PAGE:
After reading the week’s shipment of Donald Trump-related news, I retreated to my burrow and buried my head in the past.
One of the things that is most appealing when things in the present seem unremittingly bleak is to seek refuge in the idea that they were not always thus. The term nostalgia comes from Greek for homesickness, and generally you can tell a lot about your era from its specific nostalgias, what it pines for in its moments of weakness. The one you feel got away always encapsulates everything that you feel is wrong with the one you have. You should have gone to sea with Bob, you think. (Of course, if you had gone to sea with Bob, you would wish you had stayed home with Paul. There is no winning counterfactuals.)
What I have been pining for lately is a higher caliber of political insult.
This summer, for instance, saw the release of a documentary that marks the simultaneous high and low watermark of political discussion: the 1968 debates between William F. Buckley and Gore Vidal, cross-programmed with coverage of that year’s Republican and Democratic national conventions.
For the past several days I have done nothing other than absorb footage of these debates, seeking insight into our present dilemma. After this period of conditioning I now lean back in my chair and drawl all my lines, like a drowsy prep-school-educated cat.
I like very much the idea that once upon a time we had a public discourse conducted as though someone had told both debaters, “Your real goals are twofold: Work as many vocabulary words in as possible, and remember that you are secretly auditioning for the lead in a Tennessee Williams drama.” You could just show up one day on the East Coast and talk like a pleasantly soused Encyclopaedia Britannica and people went with it. “That’s probably how people talk,” they said to themselves. It’s like the passage from Evelyn Waugh — they were always quoting Evelyn Waugh — where two people are staring at a piece of horrible purple prose. “Feather-footed through the plashy fen passes the questing vole — would that be it?” “Yes,” said the managing editor. “That must be good style. At least it doesn’t sound like anything else to me.”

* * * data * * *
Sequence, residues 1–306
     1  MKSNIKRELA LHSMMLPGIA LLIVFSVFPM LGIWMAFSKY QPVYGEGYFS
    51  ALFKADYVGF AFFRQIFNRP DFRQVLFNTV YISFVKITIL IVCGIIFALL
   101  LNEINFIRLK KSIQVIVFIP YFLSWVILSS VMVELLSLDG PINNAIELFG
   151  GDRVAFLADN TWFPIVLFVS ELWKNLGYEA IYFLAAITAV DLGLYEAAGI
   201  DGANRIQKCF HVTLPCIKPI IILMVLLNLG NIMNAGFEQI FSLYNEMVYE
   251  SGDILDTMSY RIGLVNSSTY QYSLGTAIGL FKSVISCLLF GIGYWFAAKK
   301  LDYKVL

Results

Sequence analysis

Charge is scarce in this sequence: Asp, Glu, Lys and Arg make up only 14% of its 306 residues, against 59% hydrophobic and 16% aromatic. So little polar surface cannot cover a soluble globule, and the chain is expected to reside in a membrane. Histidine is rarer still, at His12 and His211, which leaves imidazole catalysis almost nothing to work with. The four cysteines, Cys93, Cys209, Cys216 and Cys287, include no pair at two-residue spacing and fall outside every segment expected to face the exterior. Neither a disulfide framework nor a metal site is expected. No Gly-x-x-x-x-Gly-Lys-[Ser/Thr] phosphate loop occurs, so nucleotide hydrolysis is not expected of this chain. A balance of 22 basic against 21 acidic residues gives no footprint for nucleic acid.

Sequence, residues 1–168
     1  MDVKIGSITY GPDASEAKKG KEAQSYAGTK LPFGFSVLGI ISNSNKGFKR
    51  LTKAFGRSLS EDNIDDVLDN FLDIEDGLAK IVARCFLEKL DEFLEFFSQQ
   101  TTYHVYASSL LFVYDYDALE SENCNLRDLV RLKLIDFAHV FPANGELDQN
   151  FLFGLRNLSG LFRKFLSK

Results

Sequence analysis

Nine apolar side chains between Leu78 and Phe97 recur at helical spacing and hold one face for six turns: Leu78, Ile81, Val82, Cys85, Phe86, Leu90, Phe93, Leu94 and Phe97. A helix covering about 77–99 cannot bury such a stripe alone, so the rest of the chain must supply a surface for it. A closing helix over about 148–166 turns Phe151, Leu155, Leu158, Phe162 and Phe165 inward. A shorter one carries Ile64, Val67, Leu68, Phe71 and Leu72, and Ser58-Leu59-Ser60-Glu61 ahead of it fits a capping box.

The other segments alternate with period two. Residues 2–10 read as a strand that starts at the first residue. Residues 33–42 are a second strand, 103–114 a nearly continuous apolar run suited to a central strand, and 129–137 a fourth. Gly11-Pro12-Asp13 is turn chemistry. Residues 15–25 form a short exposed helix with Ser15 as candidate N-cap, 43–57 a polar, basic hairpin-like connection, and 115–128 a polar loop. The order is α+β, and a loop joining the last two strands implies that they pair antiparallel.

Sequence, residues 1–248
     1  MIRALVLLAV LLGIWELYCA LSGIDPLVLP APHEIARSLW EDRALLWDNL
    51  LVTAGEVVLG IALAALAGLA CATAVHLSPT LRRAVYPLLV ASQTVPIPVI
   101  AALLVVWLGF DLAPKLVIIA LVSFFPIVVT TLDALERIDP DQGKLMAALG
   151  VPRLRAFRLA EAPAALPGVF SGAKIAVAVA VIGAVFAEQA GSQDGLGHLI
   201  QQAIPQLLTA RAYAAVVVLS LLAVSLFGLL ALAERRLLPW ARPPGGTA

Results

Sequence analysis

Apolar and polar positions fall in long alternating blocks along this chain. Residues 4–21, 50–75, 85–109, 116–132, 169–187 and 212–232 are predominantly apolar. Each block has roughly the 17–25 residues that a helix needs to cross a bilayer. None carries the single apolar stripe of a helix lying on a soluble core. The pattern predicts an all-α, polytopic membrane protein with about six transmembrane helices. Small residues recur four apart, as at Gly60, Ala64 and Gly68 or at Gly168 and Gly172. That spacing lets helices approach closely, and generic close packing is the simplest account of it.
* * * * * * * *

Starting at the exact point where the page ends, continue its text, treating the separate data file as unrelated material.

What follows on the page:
Erudition! Abstruse, recondite erudition! What eristic discipline they brought to their sciolistic quibbles, though prone to occasional bursts of rodomontade!
Now we have someone named Deez Nuts entered as a candidate for president, as well as Trump, a man with the vocabulary of the Incredible Hulk but without the charm. Politico wrote that he spoke at a third-grade level, and I am alarmed he scored so high.
Here’s Trump, insulting Jeb Bush: “I don’t see how he’s electable. Jeb Bush is a low-energy person. For him to get things done is hard. He’s very low-energy.”
And CNN called this a “throw-down.”
Here’s Bush, insulting Trump: “Mr. Trump doesn’t have a proven conservative record.”
Trump, later: “You know what is happening to Jeb’s crowd right down the street? They’re sleeping.”
“He was supposed to do well in New Hampshire? He’s going down like a rock.”
Trump doesn’t even know what “passionate” means, using it to describe some men who said they were inspired by him to allegedly viciously beat a homeless man.
Contrast this to the 1968 debate, which sounds like it was scripted by Noel Coward.
Vidal called Buckley “the Marie Antoinette of the right-wing . . . always to the right and almost always in the wrong,” while Buckley sniped: “The author of ‘Myra Breckinridge’ is well acquainted with the imperatives of greed” to which Vidal countered that he had based Myra’s “passionate and irrelevant” polemical style on Buckley himself.
When Vidal called Ronald Reagan an “aging Hollywood juvenile actor,” Buckley retorted that the adjective aging “contributes nothing . . . extraordinary to the human understanding. We’re all aging.”
“Even you,” Vidal retorts, “perceptibly before our eyes.”
It may not have been nice, but at least it was polysyllabic.
Well, initially, anyway. Then it got ugly.
This is the trouble. Even nostalgia only can get you so far. Even then we weren’t able to have nice things.
Their debates were also the low watermark of discourse — one eventually runs out of polysyllables and switches to monosyllables, and boy, did they, slinging “crypto-Nazi” and “queer” in a moment of near-violence that went down in infamy. And we discovered, to our horror, that it made for better television. So much for the past.
The moment when you discover that something awful makes for good television is always the beginning of the end. Remember how many of us watched the Trump debate?
Alexandra Petri writes the ComPost blog at www.washingtonpost.com/blogs/compost.